A precious lifeline
In this, my next to last column, I wish to look back at one of the first columns I wrote in this space.
I wrote about a conference that had been held at Brandeis University that considered some of the key issues facing the Jewish press.
That conference, some 20 years ago, brought together some of the stalwarts and most experienced men and women of the North American Jewish press. The discussion was pointed and substantive. (Not surprisingly, it did not anticipate nor were participants asked to anticipate, the impact many years later of the digital world upon print media.)
The most important question at the conference was framed by Gary Rosenblatt, publisher and editor of the Jewish Week of New York.
“What then, is the role of the weekly Jewish newspaper at a time when interest in Israel is waning, assimilation at home is growing and fewer people are reading newspapers? This is not an academic question. If we don’t have people who care about Jewish life, we’re out of business. So part of our job is to promote and highlight the vibrancy of Jewish life, in as many forms as possible.”
Rosenblatt was speaking from an American Jewish context and directed his question to the Jewish social and cultural milieu of the United States. But the question was no less relevant at that time to us in Canada as well. Indeed, one can say it is even more relevant to Canadian Jews today.
Of course, Rosenblatt answered his own question about how Jewish newspapers might promote the vibrancy of Jewish life.
One of his points was especially germane then. It is equally so today. Indeed, it will always be especially germane.
“One role that Jewish newspapers can and should place greater emphasis on is education for adults as well as children. We have the opportunity, through our pages, to inform about Jewish heritage and history as well as politics and art… There is a need not to neglect the Jewish component of a Jewish newspaper. It’s not just about Jews, but about what it means to be Jewish.”
Rosenblatt’s credo hit the bull’s-eye of “Jewish journalism”.
It is a credo that The CJN has always tried to live by and honour.
The “J” in the “CJN” has always stood for something more than the subject matter of the stories in the paper. It has been the guiding principle, the guiding set of values and purposes by which the stories have appeared in the paper.
Like the secure structure of a kaleidescope that offers myriad discoveries with each turn of the sphere and joining of new light, “What it means to be Jewish” is a question with many answers.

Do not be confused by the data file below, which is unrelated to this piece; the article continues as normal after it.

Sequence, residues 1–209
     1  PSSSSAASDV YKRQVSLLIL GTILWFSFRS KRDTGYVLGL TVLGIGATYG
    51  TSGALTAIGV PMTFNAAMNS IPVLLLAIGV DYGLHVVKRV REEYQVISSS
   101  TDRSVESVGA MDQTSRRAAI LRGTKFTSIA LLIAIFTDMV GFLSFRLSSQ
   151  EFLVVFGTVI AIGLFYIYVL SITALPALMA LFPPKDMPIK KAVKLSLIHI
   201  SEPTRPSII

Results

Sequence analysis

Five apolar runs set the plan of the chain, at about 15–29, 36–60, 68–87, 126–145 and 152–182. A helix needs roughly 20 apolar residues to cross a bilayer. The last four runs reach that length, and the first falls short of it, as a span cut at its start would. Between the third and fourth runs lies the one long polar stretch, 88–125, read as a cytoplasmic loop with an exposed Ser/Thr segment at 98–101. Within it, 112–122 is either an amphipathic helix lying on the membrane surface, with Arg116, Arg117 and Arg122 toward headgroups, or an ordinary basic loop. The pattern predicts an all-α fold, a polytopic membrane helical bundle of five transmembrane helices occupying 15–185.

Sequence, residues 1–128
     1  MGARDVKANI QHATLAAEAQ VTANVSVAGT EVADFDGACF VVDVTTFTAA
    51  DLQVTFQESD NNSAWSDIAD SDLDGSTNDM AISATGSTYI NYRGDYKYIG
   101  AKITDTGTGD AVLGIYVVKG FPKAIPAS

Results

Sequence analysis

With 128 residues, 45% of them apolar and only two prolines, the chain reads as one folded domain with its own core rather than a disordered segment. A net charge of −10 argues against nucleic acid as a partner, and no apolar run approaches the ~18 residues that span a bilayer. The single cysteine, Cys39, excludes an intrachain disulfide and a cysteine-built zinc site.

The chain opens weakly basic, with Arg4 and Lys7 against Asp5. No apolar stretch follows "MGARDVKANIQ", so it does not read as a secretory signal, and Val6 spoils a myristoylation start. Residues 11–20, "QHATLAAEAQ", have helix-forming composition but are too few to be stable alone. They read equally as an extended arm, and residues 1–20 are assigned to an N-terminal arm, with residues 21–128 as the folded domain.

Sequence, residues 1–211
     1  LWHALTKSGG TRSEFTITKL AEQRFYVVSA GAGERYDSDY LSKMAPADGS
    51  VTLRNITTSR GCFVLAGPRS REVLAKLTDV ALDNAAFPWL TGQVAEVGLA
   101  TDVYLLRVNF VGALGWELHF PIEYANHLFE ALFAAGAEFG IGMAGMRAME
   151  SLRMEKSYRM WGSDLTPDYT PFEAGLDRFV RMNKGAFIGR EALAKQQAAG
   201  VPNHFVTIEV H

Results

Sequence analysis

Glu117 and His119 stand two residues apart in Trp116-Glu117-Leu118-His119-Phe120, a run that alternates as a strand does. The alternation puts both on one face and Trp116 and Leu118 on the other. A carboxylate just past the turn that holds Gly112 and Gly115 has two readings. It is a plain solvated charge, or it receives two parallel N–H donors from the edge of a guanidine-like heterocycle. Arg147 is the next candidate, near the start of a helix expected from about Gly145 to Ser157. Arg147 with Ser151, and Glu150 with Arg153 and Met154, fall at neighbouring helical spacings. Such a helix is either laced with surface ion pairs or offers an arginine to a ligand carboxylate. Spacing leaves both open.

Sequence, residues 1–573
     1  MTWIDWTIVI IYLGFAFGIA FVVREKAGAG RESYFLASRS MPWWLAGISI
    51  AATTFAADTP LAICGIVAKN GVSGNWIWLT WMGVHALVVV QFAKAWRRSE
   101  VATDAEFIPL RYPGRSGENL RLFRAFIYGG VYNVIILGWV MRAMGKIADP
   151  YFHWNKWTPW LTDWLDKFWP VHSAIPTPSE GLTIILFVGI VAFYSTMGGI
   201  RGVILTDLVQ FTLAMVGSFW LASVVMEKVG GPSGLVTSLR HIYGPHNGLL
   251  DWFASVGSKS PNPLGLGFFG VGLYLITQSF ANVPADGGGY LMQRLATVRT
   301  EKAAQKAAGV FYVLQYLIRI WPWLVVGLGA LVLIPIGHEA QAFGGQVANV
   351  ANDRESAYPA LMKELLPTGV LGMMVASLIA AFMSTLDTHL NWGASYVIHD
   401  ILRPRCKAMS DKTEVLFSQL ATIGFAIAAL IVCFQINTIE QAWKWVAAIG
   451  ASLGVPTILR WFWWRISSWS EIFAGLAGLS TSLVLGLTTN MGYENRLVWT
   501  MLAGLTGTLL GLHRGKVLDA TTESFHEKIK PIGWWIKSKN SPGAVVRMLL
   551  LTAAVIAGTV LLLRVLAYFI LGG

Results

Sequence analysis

One possible answer, at least, must include thought, concern and caring for fellow Jews. In traditional Jewish parlance, Kol Yisrael arevim zeh lazeh (We are all responsible for each other).
In January 1996, a relatively new editor at The CJN expressed the following thoughts.
“In an age when news was obtained only from print or radio, the Jewish newspaper was a precious lifeline of information about a kinfolk dispersed to the far corners of the vast Earth. Indeed, many people of my generation can still recall a time when our parents and grandparents carried the Jewish newspaper around with them for most of the day, twice-folded and coddled under an arm. Until it was fully read, it was not put away.
“We can also recall a parent or a grandparent poring over every article and column for news of “the old country,” reading aloud for the benefit of the rest of the adults sitting nearby, the newspaper spread open on the kitchen table to its full storied, broadsheet breadth.
“Today, print and radio may in fact be the last places people turn to for their news. In the blink of an eye, information now travels by electronic impulse and computer byte into the very heavens of space and back. Even the vast Earth has been brought into our living rooms and onto our display terminals.
“It therefore may be exceedingly unrealistic and sentimental to hope that The Canadian Jewish News becomes a coddled treasure under the arms of its readers. Nevertheless, it is my aspiration for The Canadian Jewish News that our readers, as their parents and grandparents before them, will look upon the paper as a precious lifeline of information about a kinfolk dispersed to the far corners of our vast Earth.”
Reading these words today, some 18 years after they were written, they do seem somewhat unrealistic and sentimental.
But being true to the “J” in “CJN” has indeed always meant our striving to be a “precious lifeline of information” about Jews in Canada and around the world. And in this I believe we succeeded, even though, it is clear we may not also have been that coddled treasure under the arms of all our readers.